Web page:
Student Spotlight: Kaitlyn Pickford

Student Spotlight: Kaitlyn Pickford

Kaitlyn Pickford knew a law degree would help advance her career, so she enrolled in Touro Law's part-time program. She has successfully navigated an academic life and professional life that often intersect – while remaining a devoted mom of two young children.

Why did you decide to go to law school?
I knew that a law degree would offer career versatility and tremendous potential for professional success. Being immersed in the legal community as a non-attorney gave me unique insight and confirmed my desire to pursue this career path.

Why Touro Law?
I worked closely with the Law Center for nearly a decade before matriculating as a student in 2017, first as a director at a local non-profit organization with space in the Public Advocacy Center and then as the Outreach Coordinator for the Suffolk County District Administrative Judge’s Office. The part-time program allowed me to continue working full-time while growing my family. The proximity of the law school to the John P. Cohalan, Jr. Court Complex was perfect for me. Touro Law provides a supportive group of faculty, students, staff, and alumni. Many well-respected members of the bench and bar are graduates of Touro Law Center and there is a real sense of community among alumni.

What has been the most surprising thing about law school so far?
Most surprising is how quickly these five years have flown by. The reduced course load each semester in the part-time program gave me the right balance to concurrently pursue other professional and personal goals.

Are you involved in any student organizations or groups or pro bono projects?
I am a member of the Honors Program and am currently participating in the Bankruptcy Clinic. In addition, my academic and professional worlds often intersect. I was recently appointed co-chair of the Suffolk County Women in the Courts Committee for a two-year term alongside Elizabeth Justesen, Esq., an Adjunct Professor at Touro Law Center. Together we coordinate programs of social importance and lead a group of approximately 90 judges, attorneys, and community leaders. We recently collaborated with the Women’s Bar Association of Touro Law to present, “What to Expect When You’re Expecting a Law Degree.” I also serve as the Associate Director of Internship Programs for the Suffolk County Courts and have enjoyed working with Touro Law’s Career Services Office over the years. The interns from Touro Law are consistently hard-working, personable, and highly capable.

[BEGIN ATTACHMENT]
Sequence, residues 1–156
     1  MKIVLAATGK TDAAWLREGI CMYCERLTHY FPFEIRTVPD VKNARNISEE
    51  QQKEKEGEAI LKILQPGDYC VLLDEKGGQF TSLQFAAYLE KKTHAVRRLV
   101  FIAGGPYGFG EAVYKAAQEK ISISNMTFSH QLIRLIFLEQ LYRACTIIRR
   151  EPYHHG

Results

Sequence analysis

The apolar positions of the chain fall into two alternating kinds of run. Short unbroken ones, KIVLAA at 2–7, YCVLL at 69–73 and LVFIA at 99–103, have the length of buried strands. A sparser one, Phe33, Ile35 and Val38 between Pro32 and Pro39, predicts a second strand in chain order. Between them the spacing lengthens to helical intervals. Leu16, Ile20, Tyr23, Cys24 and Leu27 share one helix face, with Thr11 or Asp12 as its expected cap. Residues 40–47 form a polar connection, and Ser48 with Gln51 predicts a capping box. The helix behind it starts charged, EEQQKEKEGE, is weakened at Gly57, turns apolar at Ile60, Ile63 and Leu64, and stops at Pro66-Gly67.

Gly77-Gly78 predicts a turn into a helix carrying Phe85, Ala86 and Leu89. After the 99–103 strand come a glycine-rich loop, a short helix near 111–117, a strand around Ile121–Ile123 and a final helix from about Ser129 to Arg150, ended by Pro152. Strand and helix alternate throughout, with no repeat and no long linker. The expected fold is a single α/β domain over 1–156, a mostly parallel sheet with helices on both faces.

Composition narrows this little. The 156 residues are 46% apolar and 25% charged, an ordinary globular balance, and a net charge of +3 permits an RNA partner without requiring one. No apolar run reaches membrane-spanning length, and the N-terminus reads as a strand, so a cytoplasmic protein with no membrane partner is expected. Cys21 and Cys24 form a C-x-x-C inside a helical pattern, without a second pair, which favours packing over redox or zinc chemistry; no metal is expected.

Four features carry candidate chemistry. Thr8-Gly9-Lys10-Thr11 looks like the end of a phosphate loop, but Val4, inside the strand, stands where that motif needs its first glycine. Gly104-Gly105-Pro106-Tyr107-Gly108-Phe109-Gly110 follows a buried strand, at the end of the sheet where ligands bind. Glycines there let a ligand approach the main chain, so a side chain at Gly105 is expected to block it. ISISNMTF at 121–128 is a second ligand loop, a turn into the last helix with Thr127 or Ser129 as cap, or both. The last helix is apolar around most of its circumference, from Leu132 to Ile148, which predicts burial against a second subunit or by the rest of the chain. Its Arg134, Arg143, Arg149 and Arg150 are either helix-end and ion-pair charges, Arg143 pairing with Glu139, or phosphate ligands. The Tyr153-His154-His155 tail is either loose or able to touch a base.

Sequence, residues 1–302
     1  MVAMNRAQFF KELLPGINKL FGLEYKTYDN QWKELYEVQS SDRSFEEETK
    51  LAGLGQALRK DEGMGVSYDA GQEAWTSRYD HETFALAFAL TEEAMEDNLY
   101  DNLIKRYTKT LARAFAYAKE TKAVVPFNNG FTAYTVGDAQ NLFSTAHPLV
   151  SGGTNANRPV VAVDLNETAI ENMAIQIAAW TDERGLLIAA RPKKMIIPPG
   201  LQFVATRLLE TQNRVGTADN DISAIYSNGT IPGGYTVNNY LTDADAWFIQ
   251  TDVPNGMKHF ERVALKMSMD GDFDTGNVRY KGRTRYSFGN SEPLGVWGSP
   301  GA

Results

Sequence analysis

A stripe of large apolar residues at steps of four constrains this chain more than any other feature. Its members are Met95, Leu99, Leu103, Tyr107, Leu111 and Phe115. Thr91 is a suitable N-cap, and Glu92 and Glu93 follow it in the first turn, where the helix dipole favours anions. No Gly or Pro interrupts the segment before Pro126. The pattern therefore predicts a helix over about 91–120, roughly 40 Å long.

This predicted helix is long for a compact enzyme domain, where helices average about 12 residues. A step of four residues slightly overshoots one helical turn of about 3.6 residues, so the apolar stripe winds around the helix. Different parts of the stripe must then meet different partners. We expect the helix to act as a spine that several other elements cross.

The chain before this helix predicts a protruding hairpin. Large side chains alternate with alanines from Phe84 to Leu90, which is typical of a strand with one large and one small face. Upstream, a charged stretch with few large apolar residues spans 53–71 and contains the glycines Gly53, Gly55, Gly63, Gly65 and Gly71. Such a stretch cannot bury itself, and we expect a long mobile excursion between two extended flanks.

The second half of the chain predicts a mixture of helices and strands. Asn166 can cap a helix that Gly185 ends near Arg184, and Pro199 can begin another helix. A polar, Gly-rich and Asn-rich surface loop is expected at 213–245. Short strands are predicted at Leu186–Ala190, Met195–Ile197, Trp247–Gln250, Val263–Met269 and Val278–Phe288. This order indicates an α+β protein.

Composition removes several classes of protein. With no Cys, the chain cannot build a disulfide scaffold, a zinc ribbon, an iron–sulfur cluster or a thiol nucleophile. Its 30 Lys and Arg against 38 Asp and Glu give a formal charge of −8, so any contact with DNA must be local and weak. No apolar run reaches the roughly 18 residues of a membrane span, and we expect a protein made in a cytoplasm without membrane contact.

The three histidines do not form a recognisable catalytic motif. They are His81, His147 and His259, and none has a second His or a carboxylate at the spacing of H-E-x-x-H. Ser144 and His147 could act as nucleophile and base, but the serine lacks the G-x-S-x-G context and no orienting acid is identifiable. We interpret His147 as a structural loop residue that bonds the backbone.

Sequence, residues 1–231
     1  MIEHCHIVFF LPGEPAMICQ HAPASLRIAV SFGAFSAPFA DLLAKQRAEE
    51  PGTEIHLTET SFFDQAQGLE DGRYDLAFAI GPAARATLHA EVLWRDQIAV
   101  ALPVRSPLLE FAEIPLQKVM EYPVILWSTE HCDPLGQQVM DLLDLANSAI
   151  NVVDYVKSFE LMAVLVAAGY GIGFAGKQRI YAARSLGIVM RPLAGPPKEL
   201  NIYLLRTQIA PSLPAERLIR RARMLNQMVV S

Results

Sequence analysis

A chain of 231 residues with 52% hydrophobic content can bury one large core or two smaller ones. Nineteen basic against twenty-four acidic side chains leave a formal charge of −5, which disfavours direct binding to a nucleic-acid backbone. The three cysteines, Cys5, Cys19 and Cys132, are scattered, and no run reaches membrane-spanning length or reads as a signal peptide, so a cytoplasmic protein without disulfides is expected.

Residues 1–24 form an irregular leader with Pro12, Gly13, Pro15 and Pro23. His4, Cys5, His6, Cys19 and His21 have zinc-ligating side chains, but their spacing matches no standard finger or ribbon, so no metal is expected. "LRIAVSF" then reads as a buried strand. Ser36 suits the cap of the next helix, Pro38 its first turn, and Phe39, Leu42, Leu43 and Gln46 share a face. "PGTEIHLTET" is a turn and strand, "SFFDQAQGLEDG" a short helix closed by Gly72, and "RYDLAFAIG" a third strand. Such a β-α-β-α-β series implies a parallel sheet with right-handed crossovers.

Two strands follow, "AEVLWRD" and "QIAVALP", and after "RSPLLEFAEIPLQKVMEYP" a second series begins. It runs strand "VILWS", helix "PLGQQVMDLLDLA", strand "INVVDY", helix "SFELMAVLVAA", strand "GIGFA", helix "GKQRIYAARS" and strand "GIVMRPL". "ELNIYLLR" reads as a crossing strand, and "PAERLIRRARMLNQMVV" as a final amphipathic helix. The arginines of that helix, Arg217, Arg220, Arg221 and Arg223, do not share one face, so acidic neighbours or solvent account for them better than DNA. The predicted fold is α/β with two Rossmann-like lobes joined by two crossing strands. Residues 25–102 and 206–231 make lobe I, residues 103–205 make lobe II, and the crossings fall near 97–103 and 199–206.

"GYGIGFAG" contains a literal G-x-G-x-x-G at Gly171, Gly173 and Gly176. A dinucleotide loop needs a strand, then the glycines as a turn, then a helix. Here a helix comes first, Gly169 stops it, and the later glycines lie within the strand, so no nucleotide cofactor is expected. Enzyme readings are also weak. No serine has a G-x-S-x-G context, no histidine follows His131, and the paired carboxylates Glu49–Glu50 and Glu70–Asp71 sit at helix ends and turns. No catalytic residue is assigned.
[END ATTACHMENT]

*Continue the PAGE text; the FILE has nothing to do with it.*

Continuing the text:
Have you had any hands-on experiences that have shaped your law school experience and/or influenced your career path?
My favorite experience to-date has been delivering an Oral Argument in my first-year writing course. Conveying legal arguments to support my Appellate Brief was exhilarating! I knew from that experience I wanted to be a litigator.

Have you had any mentors/professors that have made an impact on you?
Adjunct Professor James Miskiewicz solidified my interest in criminal law. With only four students in our Criminal Law I course, we could really explore the issues, debate concepts, and delve deep into the case law. Our small class really bonded, and they even surprised me with a baby shower at the end of the semester! After taking his class, I sought to expand my understanding of criminal law by taking Criminal Law II, Criminal Procedure, and Trial Practice.

The Honorable Gaetan B. Lozito (Ret.) has been a wonderful source of support during law school. Brilliant, kind, and well-respected, her mentorship and strong moral character has profoundly shaped my future goals. Suffolk County District Administrative Judge Andrew A. Crecca, my supervisor at the Suffolk County Courts, and Jane LaCova at the Suffolk County Bar Association have also given me so much encouragement and advice.

What would you tell someone considering Touro Law?
It’s never too late to earn a degree (law or any other discipline). Touro supports students at all life stages and has crafted programs around students’ family responsibilities and work obligations. There are generous scholarship opportunities, flexible programs, and genuinely dedicated faculty.

Anything else you want to share?
In my fifth and final year, I am feeling a great sense of relief knowing I am almost finished. I hope my children will look back with pride knowing we did this as a family.

What advice would you offer to students?
The best advice I could offer to new students: Join the Suffolk County Bar Association! It's free for students and a great way to network with practicing attorneys.



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